I began my swim training last week for Hawaii. At the beginning of every season, I tell myself that this is going to be the season I actually swim consistently. Then I get caught up in my busy life and each day have to prioritize and swimming seems to be the low man on the totem pole. I’m not saying that the swim is unimportant. I just have to weigh the benefits of my devoted time. This year, I finally accepted that this is the way it’s going to be with my schedule. I’d like to swim three times or more per week in addition to my other training. I’d also like to get in some 24+ hour weeks in when prepping for an IM, but the reality is that it ain’t gonna happen.
So with three weeks to go, I headed to the pool, dreading that first session where your arms feel like anchors and you wonder why there’s no cross-over effect from all the cycling and run training. This time, I went armed with a Finnis Swim mp3 set of goggles.
I have used music more and more in training. I know some frown upon this – especially the hard core running community. They feel that running with music is soft, for the weak, and a distraction. I bought into this – almost – this summer one day when I forgot my nano while prepping to do a long ride. I panicked at first, thinking, “man, this is going to suck!”, and then quickly thought; “wow, am I getting soft! Get out there for a week and train without music in anything.”, only to realize that I don’t need music to train but I do enjoy it and I actually think it helps me more than hinders me. It came to me that it’s stupid to think that running with music softens you and is a negative distraction. I have been training for many, many years, and 99% of this time it’s been solo, so music has become a very nice training ally.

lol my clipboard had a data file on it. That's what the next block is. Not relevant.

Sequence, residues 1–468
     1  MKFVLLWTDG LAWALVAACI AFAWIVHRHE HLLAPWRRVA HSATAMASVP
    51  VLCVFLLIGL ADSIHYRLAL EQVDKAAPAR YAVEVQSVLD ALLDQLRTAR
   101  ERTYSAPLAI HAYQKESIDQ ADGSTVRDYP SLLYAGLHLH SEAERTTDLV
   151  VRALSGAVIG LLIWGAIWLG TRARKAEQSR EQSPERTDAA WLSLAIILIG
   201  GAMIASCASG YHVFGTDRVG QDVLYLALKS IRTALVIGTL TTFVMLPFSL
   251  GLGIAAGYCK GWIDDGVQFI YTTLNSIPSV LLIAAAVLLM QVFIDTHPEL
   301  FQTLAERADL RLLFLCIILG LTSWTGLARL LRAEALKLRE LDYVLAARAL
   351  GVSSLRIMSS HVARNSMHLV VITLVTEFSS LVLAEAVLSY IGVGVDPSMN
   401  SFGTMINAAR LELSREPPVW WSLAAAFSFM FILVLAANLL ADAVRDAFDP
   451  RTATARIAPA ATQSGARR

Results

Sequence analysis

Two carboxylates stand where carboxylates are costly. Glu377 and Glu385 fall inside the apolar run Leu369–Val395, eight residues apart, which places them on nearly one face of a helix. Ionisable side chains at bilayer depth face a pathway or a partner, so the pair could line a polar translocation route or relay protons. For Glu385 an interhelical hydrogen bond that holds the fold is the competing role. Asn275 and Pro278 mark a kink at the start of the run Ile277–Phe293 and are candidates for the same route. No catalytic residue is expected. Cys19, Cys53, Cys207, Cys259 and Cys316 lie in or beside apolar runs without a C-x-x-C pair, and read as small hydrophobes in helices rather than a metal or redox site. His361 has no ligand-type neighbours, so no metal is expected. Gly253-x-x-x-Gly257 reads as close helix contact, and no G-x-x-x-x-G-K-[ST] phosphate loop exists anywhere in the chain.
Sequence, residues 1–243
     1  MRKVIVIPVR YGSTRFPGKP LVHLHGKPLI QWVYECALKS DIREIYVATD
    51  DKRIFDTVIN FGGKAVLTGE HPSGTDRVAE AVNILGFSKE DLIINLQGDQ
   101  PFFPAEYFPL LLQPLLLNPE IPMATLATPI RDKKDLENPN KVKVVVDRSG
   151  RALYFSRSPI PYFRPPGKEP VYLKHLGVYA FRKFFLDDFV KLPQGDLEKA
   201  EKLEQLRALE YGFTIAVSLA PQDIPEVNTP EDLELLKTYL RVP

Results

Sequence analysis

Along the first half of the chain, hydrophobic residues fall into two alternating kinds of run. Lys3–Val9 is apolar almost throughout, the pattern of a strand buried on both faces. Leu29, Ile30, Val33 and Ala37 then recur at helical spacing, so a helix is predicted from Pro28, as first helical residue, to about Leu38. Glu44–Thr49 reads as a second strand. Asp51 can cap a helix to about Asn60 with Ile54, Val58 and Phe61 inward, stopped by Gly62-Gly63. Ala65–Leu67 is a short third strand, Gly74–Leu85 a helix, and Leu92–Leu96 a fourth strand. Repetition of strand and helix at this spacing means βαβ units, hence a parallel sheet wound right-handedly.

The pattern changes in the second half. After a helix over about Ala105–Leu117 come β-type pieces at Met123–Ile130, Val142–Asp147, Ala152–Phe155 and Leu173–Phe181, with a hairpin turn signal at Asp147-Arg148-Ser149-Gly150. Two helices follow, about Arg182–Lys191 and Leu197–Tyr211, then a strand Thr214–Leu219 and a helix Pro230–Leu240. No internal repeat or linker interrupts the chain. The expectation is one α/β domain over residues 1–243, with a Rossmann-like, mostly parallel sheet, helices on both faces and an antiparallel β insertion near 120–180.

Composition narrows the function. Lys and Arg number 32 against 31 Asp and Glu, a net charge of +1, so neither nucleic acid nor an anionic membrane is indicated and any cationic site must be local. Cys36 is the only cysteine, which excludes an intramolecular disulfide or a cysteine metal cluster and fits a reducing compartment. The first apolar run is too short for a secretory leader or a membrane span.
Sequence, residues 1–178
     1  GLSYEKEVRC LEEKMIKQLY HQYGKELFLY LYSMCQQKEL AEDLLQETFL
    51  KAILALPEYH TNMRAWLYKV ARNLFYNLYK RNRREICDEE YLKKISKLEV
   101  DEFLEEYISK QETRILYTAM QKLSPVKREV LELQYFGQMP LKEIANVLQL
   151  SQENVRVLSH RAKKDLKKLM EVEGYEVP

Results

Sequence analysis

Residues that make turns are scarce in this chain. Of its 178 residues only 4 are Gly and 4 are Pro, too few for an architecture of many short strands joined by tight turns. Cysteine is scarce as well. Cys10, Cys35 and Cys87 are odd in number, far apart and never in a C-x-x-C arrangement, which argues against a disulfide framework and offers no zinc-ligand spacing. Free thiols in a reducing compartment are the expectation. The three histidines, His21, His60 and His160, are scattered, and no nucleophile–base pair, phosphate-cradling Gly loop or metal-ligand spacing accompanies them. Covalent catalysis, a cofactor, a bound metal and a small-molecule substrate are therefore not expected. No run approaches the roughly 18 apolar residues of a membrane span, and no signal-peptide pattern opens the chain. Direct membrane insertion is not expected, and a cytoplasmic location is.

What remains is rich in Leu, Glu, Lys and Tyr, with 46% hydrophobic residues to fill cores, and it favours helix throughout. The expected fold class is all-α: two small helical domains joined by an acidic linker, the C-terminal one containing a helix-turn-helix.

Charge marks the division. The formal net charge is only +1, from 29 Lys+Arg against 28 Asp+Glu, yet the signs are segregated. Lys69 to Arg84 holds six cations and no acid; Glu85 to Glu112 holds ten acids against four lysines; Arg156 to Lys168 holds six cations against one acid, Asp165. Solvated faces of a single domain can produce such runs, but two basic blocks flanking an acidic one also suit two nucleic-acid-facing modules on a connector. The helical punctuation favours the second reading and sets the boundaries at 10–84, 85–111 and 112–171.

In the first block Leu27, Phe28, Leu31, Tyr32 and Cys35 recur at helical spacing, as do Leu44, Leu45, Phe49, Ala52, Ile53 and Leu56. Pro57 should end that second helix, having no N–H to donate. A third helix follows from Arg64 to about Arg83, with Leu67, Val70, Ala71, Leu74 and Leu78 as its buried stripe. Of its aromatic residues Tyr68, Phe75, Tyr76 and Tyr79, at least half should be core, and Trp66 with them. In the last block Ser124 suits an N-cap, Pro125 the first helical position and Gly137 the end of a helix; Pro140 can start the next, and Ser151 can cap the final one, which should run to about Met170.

Back to swimming;
I sat on the side of the pool deck for about 15 minutes, rotating my arms and shoulders around like pinwheels, making it seem as though I’m loosening up, when all’s I’m really doing is procrastinating. I then put on the goggles and turn on the music and feel as though my ears are going to start bleeding. The noise coming from the unit is loud and screechy. Strange though, as soon as I put my head in the water, the music becomes very clear and sounds the way it should. In fact, for underwater, these things work great. Sound travels 4 times as fast underwater and that is why sounds usually come across very distorted, but this unit works great. I set off with the goal of swimming a 1500 continuous. My goal is to get in 3000 total yards for todays first session. I start out easy and don’t feel too bad. I end up swimming 2200 continuous. Then I put on paddles and head out to do a 500, and end up doing 1000. I then use a pull buoy, aiming for a 500 again and put in 1000. My first session swimming in awhile and I bang out 4200 yds! This is a good start.
I head back to the pool the next day, planning to swim 4200 again, and do 5000. Then, two days later, I swim 5000 again. All of this is mostly continuous swimming. I realized that if I start swimming so close to a race and add in interval sessions quickly, my arms feel heavy on race day and I loose my feel for the water.
The mp3 goggles are not what caused me to feel somewhat decent in the water last week. But they did provide the diversion I needed. Instead of focusing so much on how dead my arms felt or how bored I was going back and forth, back and forth, I listened to the music and just kept going, doing 18,000 yds last week instead of the planned 12,000!
I am not endorsed by Finnis, so I’m not plugging these for any reason, other than that if you’ve been swimming alone instead of with a masters group, and have been doing this for years, they can be a nice change and distraction from the monotony of indoor pool sessions.
I’m headed back to the pool today and was just thinking that I’d better check to make sure I packed my mp3 goggles. Otherwise, how will I swim?! Kidding!